The Art of Midlife: Courage and Creative Living for Women

By Linda N. Edelstein | Go to book overview
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steps to change is really hard. Understanding and insight provide an awareness and shed light on relationships, motivations, and feelings, but insight is not action. Understanding gives us the direction in which to take action and helps bolster our confidence to make changes, but it never magically puts us at our destinations.

If it is so difficult, why bother? We keep growing because we want to hold or find the solid core of ourselves. Is it to repair the world? Yes, in part. To repair one's self? Yes. There is a phrase in Judaism, tikkun olam, which means "to repair the world," and a saying: "When we do an act of kindness, we recreate the world." When we repair ourselves, we have taken a step to repair the world.

In myths, many of the battles with the gods are provoked by a fight for immortality. Creativity is a yearning for immortality. We know that our personal lives are finite. One major task of adulthood is to confront and accept that fact. Yet we are also compelled to struggle and rebel against it. Creativity is part of the passion of adulthood that rebels against death by leaving something new and vital that lives beyond us. Creative growth takes fight. It is not easy to make a creation that outlasts the creator. Women have always known that about mothering -- not just about the biological aspects of being a mother, but the guiding role of motherhood. When we teach children, we guide them past us. All that we have shown our children, our students, our clients, and those we mentor goes on in others beyond us. That is the real rebellion. Women are ideal as creators; biology and psychology have already given us the tools. We need the emotion to fuel action, and the emotion that allows this insurgency is anger. The anger is against injustice and inauthentic lives. Florynce Kennedy, a lawyer, advised women on political action: "You've got to rattle your cage door. You've got to let them know that you're in there, and that you want out. Make noise. Cause trouble. You may not win right away, but you'll sure have a lot more fun."17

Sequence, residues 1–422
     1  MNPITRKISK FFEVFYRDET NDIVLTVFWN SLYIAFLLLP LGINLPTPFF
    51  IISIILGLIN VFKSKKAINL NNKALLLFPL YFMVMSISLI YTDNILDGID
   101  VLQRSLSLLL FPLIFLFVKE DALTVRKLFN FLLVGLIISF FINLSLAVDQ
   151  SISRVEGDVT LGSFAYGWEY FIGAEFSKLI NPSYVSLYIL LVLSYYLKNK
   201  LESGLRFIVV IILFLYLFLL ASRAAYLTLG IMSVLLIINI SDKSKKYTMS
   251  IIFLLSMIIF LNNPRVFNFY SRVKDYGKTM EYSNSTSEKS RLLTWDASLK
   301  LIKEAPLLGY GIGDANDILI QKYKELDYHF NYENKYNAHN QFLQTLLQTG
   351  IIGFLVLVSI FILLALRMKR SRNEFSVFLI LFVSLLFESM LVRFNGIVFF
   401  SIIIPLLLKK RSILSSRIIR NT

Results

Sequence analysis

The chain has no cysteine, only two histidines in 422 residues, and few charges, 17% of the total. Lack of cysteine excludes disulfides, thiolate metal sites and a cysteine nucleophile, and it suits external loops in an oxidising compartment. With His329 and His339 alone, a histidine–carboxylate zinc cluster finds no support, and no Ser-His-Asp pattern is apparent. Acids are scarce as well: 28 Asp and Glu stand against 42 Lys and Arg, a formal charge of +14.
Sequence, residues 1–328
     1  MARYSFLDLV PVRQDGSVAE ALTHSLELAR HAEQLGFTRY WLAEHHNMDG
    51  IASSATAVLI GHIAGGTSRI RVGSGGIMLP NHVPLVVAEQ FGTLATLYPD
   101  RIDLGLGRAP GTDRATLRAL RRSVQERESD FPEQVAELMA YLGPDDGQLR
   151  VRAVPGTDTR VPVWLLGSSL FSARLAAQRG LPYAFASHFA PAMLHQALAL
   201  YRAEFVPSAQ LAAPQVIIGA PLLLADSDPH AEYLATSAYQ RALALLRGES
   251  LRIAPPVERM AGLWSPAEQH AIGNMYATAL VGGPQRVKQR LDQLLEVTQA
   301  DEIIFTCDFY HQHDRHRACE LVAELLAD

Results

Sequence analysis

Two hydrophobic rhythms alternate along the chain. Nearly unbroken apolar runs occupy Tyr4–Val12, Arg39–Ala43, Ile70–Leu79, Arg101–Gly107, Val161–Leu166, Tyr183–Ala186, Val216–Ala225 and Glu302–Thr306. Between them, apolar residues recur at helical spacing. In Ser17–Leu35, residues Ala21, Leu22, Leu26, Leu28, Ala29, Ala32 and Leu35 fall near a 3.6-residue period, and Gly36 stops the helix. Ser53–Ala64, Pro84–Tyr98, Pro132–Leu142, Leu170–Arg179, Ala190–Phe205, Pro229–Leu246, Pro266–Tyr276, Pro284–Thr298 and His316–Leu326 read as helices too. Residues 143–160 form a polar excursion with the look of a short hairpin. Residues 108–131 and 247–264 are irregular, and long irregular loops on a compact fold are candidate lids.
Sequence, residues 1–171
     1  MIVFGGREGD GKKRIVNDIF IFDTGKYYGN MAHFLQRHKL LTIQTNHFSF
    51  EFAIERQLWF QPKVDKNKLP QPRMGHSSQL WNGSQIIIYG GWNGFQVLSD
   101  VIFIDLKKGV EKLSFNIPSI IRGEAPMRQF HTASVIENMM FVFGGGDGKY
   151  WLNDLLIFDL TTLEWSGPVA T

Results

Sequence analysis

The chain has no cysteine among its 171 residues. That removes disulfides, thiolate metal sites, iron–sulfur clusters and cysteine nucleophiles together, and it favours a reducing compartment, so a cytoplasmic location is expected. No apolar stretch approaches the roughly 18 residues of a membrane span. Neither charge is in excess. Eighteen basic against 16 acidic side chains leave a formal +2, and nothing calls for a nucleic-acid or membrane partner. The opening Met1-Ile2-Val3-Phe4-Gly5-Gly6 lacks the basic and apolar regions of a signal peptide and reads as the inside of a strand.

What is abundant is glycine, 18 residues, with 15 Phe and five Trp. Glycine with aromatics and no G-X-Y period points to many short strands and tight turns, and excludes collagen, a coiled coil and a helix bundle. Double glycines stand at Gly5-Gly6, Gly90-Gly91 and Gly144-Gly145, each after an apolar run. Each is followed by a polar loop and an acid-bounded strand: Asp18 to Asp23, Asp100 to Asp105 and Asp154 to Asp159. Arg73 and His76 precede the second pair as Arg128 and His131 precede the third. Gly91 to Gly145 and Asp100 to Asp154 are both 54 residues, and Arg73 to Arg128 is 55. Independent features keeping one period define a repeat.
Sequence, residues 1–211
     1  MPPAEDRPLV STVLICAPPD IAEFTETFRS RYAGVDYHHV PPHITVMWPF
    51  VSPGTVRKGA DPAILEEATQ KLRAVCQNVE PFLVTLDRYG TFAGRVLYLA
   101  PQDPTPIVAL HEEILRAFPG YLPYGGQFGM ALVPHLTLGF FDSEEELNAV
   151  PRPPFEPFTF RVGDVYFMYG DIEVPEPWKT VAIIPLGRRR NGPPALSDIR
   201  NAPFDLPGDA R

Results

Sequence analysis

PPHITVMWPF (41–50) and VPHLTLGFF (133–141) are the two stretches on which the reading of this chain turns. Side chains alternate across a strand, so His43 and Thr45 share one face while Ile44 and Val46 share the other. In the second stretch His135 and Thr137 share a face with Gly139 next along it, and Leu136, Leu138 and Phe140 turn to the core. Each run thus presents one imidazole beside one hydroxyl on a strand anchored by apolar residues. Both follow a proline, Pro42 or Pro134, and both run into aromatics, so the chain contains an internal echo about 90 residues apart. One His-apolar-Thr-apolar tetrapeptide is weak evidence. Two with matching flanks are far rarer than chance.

Quote in chapter title is from Joan Mills, writing about her insights: "I'd gone through life believing in the strength and competence of others; never in my own. Now, dazzled, I discovered that my capacities were real. It was like finding a fortune in the lining of an old coat." Joan Mills, quoted in L. Clark (Ed.), ( 1977), Women women women: Quips, quotes, and commentary ( New York: Drake), p. 15.

Nancy Chodorow, ( 1989), Feminism and psychoanalytic theory (New Haven: Yale University Press); Harriet Goldhor Lerner, ( 1985), The dance of anger ( New York: Harper & Row).
Jean Baker Miller, ( 1991), The construction of anger in men and women, in J. Jordan, A. Kaplan, J. Baker Miller, I. Stiver, and J. Surrey (Eds.), Women's growth in connection: Writings from the Stone Center ( New York: Guilford Press), pp. 181- 96.


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